Dummy rounds are inert cartridges. They do not have powder, primers or projectiles, so they cannot fire. They come in a variety of colors, materials and calibers. Use dummy rounds (snap caps) for your dry-fire practice. Although most modern handguns are not damaged by dry-firing an empty gun, the use of snap caps is good practice and allows you to practice your skills with all of the necessary components. Snap-Cap Trainers are my favorite kind of dummy rounds for use in dry-fire practice. Snap Caps are inert aluminum rounds made to last a long time. Not only will they not fire, they also provide a very clear difference from live ammo.
Laser training pistols are another great tool. Safe, effective, and innovative, the Shot Indicating Resetting Trigger (SIRT) Training Pistol was developed by shooters for shooters, to complement, not replace, live fire training. It is a training pistol with the look, feel and approximate weight a real firearm provides enhanced dry-fire practice. The Shot Indicating Resetting Trigger (SIRT) system assists shooters in developing proper grip and trigger control without spending money on ammunition. The auto-resetting trigger activates two lasers – one when pressure is applied to the trigger and the other displays “shot” placement. Features standard sights and a functional magazine release that enables users to practice reloads using the included weighted training magazine.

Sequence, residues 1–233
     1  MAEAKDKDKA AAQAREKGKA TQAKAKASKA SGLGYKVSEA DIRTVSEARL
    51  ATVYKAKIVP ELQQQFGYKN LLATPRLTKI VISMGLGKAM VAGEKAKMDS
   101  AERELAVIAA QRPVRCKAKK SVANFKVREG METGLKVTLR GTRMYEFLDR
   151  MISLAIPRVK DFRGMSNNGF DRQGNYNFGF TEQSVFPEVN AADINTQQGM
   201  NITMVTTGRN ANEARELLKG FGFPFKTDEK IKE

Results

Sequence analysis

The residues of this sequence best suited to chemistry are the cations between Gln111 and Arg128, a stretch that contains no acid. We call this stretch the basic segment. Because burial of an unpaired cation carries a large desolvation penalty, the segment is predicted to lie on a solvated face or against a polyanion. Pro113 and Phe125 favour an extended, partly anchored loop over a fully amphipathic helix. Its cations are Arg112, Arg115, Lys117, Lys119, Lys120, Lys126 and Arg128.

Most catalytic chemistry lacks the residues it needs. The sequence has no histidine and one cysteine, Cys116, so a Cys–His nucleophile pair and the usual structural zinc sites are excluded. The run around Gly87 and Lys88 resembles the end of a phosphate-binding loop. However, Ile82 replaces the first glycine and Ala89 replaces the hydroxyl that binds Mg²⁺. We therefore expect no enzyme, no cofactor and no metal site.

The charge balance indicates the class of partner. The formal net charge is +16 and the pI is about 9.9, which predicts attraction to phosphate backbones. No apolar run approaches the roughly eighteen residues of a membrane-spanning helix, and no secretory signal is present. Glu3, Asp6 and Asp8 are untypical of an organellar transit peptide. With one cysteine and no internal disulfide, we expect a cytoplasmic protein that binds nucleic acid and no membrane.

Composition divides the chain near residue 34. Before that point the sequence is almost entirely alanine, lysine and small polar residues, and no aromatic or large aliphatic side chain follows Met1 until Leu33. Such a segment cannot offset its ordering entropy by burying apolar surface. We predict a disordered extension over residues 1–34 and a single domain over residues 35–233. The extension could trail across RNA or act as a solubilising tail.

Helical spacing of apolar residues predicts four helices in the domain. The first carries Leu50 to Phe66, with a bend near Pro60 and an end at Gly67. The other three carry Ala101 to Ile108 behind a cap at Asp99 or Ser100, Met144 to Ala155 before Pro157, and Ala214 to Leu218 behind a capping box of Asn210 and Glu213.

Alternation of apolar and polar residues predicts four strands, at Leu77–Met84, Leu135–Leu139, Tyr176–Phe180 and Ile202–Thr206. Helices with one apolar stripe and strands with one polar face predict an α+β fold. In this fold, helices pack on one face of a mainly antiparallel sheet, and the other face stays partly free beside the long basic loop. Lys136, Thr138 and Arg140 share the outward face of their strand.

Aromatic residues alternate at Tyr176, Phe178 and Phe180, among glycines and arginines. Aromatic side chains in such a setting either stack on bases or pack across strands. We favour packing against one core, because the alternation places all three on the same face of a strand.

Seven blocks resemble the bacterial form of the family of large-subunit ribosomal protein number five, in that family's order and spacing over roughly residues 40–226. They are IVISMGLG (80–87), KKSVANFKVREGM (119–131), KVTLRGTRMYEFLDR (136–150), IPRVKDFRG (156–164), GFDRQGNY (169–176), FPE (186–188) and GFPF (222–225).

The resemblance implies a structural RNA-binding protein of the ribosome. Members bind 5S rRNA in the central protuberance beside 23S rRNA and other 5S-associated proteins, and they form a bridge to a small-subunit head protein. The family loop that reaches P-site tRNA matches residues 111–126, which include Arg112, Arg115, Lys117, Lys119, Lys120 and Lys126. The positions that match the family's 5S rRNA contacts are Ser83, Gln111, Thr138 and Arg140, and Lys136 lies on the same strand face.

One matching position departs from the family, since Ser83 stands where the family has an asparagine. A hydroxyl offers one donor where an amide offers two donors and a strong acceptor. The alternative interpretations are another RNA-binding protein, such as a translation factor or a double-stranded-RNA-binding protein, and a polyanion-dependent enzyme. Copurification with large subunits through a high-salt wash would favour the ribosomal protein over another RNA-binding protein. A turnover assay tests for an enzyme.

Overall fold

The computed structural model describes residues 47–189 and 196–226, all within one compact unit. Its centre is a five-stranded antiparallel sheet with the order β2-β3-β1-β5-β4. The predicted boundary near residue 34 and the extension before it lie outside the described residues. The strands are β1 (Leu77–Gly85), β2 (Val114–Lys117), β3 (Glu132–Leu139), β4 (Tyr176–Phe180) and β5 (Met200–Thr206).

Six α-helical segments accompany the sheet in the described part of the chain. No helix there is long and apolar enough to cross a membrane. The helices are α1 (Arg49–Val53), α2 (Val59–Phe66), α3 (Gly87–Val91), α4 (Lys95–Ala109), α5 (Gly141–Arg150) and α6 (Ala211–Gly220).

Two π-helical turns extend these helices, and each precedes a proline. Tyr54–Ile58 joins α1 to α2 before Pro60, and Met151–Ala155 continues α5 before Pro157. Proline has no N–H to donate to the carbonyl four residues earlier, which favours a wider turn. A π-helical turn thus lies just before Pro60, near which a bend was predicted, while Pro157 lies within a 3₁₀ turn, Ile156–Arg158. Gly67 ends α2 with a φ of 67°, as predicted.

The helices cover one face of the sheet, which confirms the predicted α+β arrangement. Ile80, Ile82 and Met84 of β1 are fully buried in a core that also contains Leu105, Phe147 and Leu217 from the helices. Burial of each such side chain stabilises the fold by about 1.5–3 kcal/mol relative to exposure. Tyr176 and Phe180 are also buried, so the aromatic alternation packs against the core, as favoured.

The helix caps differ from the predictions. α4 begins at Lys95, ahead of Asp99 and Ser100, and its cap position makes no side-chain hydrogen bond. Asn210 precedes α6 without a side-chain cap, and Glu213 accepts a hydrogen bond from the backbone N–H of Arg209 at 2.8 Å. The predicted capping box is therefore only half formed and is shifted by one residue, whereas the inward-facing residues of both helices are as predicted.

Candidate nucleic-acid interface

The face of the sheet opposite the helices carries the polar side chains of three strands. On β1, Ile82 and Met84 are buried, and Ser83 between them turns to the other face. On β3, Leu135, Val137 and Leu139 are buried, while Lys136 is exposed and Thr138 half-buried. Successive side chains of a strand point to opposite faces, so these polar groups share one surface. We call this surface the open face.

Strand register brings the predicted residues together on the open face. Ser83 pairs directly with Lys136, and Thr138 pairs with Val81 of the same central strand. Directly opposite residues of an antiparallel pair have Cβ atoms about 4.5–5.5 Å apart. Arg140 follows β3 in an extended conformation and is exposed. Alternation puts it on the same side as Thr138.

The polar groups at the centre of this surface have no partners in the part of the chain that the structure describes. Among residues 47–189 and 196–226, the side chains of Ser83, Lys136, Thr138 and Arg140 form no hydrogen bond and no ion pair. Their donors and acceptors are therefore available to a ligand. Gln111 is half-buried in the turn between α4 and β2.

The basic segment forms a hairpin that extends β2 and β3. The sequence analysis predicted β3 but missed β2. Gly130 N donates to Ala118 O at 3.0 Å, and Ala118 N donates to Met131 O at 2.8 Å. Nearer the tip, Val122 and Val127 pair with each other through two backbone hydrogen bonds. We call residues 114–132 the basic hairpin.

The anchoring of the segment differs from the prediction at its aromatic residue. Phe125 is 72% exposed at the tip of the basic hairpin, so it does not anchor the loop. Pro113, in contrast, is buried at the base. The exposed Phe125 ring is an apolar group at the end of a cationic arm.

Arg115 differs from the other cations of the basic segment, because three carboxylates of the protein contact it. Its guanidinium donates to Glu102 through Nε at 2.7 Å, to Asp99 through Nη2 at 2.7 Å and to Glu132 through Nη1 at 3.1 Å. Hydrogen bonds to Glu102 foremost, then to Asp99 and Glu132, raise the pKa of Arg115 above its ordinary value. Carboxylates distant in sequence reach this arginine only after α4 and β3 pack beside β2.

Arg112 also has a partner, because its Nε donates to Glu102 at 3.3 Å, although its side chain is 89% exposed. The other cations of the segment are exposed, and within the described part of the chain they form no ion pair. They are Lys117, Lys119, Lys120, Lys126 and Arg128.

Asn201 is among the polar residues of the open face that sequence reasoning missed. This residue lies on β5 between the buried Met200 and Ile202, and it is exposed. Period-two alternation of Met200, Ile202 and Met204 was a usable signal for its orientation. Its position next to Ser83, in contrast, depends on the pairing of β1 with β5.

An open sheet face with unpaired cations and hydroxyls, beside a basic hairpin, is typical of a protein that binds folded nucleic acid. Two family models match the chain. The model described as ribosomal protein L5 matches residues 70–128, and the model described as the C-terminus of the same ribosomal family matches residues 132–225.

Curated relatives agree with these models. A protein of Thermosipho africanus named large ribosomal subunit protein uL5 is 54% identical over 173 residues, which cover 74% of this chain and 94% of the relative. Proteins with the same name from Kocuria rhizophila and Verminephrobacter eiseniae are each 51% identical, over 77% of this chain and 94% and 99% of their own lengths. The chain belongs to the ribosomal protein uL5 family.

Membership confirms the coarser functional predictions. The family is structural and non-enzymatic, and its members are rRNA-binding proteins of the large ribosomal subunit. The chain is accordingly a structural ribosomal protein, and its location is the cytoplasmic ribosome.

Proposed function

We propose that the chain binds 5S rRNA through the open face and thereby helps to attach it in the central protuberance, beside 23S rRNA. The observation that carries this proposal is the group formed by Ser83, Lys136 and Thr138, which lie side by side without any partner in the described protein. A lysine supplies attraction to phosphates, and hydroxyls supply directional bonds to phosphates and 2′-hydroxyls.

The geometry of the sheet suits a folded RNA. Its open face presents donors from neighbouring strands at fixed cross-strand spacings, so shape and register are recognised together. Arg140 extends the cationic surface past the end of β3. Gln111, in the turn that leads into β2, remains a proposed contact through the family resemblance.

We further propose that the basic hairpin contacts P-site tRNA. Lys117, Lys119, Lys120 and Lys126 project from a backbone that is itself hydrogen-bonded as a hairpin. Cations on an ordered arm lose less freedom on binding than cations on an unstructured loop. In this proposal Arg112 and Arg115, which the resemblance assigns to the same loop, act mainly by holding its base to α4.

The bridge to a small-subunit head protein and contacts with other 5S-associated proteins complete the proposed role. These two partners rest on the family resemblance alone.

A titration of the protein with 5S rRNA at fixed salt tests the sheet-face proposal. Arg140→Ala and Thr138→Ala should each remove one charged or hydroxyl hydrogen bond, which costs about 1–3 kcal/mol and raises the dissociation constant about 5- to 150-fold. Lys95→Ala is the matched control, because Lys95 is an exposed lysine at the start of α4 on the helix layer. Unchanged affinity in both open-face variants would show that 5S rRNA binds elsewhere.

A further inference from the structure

DRY-FIRE CAN BE DANGEROUS
Shooters of all levels are at risk of accidents. Therefore, it is imperative that FIREARM SAFETY and SAFE DRY-FIRE TECHNIQUES ARE FOLLOWED COMPLETELY. Therefore, an unwavering commitment to following The Four Rules of firearm safety is required.